• For romantic relationships, it should be willingly chosen by both parties with full knowledge of other options. If you’re starting to date someone, talk to them about how they understand gender roles, in detail. Don’t stumble across irreconcilable differences in expectations of each other later.
  • Gender roles should be presented as their understanding of what God wants, not as the obvious way that must be forced on others. For example, if a woman grows up in a complementarian church, she should know that if she feels called to leadership, other churches give that option and she should not be shamed for exercising that option (just as people should not be shamed for leaving an egalitarian church for a complementarian one).
  • Most importantly, the man must also be living up to his call of loving his wife/congregation as Christ does the Church, which means giving up absolutely everything he has including his life for her, creating a mutual relationship even if he still theoretically has veto power on decisions. Women have to be discerning of this, not blindly obedient just because he has a penis.

A lot of people – probably the majority – who would call themselves complementarians would meet these criteria. They might call the man the head of the house, but then that’s about it for practical implications. I might wonder why that theoretical veto power is even necessary and you don’t just call yourselves egalitarian, but really at the end of the day, I’m completely ok with that. Maybe there’s indirect harm caused by doing lip service to male authority, but I don’t think there’s necessarily direct harm caused in that scenario.

Ryan Robinson

It is easiest to identify Ryan as both theologian and tech guy. By day, Ryan is a Technical Consultant work with PeaceWorks Technology Solutions. There, he works on websites, CRMs, and SharePoint implementations. Along with blogging here, Ryan is a founding member of the MennoNerds blogging network and a contributor to the book A Living Alternative.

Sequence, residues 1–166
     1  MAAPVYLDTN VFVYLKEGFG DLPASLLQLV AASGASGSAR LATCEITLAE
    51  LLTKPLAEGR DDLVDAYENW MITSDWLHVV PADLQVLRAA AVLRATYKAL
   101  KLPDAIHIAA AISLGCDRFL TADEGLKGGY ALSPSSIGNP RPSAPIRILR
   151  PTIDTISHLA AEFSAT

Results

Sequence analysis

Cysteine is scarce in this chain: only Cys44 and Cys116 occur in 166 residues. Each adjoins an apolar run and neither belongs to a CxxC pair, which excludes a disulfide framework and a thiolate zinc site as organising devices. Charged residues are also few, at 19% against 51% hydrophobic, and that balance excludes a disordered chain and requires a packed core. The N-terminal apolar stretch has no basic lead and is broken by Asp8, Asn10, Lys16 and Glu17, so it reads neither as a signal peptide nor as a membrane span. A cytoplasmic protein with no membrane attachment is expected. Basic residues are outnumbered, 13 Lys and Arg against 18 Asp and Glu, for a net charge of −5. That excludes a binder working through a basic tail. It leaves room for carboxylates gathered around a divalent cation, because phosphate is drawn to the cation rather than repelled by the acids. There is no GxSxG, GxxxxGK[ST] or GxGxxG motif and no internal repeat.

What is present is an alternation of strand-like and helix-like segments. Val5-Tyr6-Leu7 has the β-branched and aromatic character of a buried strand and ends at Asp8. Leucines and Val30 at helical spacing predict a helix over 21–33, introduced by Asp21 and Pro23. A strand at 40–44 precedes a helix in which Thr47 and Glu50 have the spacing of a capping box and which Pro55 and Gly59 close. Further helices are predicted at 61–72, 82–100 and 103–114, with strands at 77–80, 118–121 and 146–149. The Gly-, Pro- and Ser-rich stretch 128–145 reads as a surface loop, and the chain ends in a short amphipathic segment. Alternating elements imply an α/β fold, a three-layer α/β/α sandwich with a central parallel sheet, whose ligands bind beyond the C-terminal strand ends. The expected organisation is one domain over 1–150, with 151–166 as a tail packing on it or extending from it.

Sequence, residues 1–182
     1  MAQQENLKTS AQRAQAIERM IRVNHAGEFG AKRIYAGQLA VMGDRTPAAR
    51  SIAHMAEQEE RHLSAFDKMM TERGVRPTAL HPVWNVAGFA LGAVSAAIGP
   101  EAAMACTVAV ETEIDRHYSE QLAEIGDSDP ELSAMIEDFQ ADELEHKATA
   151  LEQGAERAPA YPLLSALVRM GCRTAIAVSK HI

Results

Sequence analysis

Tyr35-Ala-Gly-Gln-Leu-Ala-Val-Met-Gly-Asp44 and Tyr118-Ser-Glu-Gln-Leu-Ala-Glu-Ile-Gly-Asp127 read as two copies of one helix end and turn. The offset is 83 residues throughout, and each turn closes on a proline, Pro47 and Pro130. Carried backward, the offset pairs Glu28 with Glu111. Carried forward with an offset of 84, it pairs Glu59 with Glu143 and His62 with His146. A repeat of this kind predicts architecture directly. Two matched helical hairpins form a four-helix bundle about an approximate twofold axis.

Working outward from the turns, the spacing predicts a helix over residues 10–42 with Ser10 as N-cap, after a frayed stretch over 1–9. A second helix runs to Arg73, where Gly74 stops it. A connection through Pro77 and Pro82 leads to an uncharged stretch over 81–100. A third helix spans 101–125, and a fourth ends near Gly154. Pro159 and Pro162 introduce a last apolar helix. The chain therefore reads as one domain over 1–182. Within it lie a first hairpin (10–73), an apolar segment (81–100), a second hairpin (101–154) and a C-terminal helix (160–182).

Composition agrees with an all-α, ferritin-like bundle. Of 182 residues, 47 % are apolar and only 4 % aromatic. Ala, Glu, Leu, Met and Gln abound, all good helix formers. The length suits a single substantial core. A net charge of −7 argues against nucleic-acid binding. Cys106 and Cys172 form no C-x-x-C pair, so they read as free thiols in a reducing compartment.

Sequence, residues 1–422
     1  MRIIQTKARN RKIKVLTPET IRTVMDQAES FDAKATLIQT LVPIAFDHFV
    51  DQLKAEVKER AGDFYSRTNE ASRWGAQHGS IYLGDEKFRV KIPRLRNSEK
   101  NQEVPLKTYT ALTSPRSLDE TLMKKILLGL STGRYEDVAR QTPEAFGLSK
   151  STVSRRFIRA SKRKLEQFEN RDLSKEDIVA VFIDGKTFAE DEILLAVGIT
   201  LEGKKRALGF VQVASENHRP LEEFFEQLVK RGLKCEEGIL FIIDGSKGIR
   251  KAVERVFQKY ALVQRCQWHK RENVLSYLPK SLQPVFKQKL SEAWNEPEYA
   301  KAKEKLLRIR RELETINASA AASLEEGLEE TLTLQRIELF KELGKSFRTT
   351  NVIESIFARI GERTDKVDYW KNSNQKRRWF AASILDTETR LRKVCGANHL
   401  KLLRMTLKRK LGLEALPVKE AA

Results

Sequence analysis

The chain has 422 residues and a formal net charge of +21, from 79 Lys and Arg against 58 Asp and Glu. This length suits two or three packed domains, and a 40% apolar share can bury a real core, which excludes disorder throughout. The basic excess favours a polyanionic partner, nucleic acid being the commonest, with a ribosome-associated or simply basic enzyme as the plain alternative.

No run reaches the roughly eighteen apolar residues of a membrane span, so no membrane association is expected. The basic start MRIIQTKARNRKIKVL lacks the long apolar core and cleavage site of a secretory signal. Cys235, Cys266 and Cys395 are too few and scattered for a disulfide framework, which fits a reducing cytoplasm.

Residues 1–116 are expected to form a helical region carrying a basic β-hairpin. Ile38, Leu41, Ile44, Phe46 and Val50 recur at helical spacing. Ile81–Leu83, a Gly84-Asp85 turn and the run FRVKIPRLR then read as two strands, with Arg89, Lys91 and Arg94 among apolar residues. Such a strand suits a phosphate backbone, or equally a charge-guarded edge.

6 Responses

  1. I’m not sure how you’re defining “direct harm.” I know that for me, as a woman, I found the concept of ontological equality with functional subordination incoherent. Ultimately, if I am to be under male authority because I am a woman, and for that reason only– and if a man is to be in authority over me because he is a man, and for that reason only– then I am not his ontological equal, but am ontologically designed as lesser to the male. That is, I am unable by my very nature to do something (take a certain kind of authority) that he is able by his very nature to assume. That’s not equality.

    And please don’t say that because I can be a mother and a man cannot, that this is the same thing, because it isn’t. There is a corresponding role to motherhood (i.e., fatherhood) that a man can be but I cannot. However, being under authority is not a corresponding role to being in authority. It is a lesser, subordinate role. That’s what the words themselves mean.

    What this did to my psyche and self-image, while I believed it, I would classify as “direct harm.” Not abusive harm, perhaps, but harm nonetheless.

    • I struggled with that phrase “direct harm.” I wanted to show some grace that it does seem to work for some without whitewashing how flawed the premise is. I’m with you on the whole idea of ontologically equal but not equal in opportunity not really making any sense, but somehow it does for many (including many women). Maybe “obvious harm”, or “abusive harm” as you use, would be better?